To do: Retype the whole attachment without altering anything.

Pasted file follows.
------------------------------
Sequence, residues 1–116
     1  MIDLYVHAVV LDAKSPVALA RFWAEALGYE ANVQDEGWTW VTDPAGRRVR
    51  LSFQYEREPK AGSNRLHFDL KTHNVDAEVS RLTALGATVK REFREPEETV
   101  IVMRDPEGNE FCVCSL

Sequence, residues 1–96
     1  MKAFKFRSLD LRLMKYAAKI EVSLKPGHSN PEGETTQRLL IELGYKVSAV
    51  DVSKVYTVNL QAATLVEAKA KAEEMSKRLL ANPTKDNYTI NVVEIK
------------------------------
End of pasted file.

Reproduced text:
Sequence, residues 1–116
     1  MIDLYVHAVV LDAKSPVALA RFWAEALGYE ANVQDEGWTW VTDPAGRRVR
    51  LSFQYEREPK AGSNRLHFDL KTHNVDAEVS RLTALGATVK REFREPEETV
   101  IVMRDPEGNE FCVCSL

Sequence, residues 1–96
     1  MKAFKFRSLD LRLMKYAAKI EVSLKPGHSN PEGETTQRLL IELGYKVSAV
    51  DVSKVYTVNL QAATLVEAKA KAEEMSKRLL ANPTKDNYTI NVVEIK